Germany aims to expand the Bundeswehr to around 203,000 soldiers by 2025 to better cope with increasing responsibilities. The name Bundeswehr was first proposed by the former Wehrmacht general and Liberal politician Hasso von Manteuffel; the Iron Cross is its official emblem. It is a symbol; the Schwarzes Kreuz is derived from the black cross insignia of the medieval Teutonic knights. When the Bundeswehr was established in 1955, its founding principles were based on developing a new military force for the defence of West Germany. In this respect the Bundeswehr did not consider itself to be a successor to either the Reichswehr of the Weimar Republic or Hitler's Wehrmacht. Neither does it adhere to the traditions of any former German military organization, its official ethos is based on three major themes: the aims of the military reformers at the beginning of the 19th century such as Scharnhorst and Clausewitz the conduct displayed by members of the military resistance against Adolf Hitler the attempt of Claus von Stauffenberg and Henning von Tresckow to assassinate him.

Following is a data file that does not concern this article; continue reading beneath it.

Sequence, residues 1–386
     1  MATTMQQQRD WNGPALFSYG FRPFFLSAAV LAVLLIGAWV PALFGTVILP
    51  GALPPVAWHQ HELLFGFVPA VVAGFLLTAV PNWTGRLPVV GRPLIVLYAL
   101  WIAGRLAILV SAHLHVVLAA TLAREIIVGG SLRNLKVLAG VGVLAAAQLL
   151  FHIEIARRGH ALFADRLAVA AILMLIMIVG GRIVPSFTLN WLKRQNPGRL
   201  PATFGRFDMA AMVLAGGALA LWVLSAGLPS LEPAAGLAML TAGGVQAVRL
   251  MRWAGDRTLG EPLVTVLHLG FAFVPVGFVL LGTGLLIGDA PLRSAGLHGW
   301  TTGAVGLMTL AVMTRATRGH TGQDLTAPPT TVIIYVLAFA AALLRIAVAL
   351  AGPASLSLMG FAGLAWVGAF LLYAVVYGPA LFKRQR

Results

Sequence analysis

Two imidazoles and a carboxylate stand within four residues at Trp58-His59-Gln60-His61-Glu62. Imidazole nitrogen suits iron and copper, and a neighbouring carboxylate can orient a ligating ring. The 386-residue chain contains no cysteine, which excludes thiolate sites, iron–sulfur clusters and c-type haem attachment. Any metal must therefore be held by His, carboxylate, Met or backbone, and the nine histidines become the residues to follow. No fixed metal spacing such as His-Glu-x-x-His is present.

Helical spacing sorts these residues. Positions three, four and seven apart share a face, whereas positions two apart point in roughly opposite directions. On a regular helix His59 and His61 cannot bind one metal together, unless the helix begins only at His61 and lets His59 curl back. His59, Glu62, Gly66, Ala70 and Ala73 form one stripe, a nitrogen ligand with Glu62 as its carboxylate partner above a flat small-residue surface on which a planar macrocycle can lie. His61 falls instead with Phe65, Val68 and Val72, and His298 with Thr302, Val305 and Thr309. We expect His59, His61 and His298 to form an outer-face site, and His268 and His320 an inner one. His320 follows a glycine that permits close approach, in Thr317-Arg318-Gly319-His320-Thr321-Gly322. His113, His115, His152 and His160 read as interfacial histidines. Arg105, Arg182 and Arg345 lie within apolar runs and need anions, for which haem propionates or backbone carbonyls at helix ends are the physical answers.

Its own tradition since 1955. One of the most visible traditions of the modern Bundeswehr is the Großer Zapfenstreich; the FRG reinstated this formal military ceremony in 1952, three years before the foundation of the Bundeswehr. Today it is performed by a military band with 4 fanfare trumpeters and timpani, a corps of drums, up to two escort companies of the Bundeswehr's Wachbataillon and Torchbearers; the Zapfenstreich is only performed during solemn public commemorations. It can honour distinguished persons present such as the German federal president or provide the conclusion to large military exercises. Another important tradition in the modern German armed forces is the Gelöbnis. There are two kinds of oath: for conscripts/recruits it is a pledge but it's a solemn vow for full-time personnel; the pledge is made annually on 20 July, the date on which a group of Wehrmacht officers attempted to assassinate Adolf Hitler in 1944. Recruits from the Bundeswehr's Wachbataillon make their vow at the Bendlerblock in Berlin.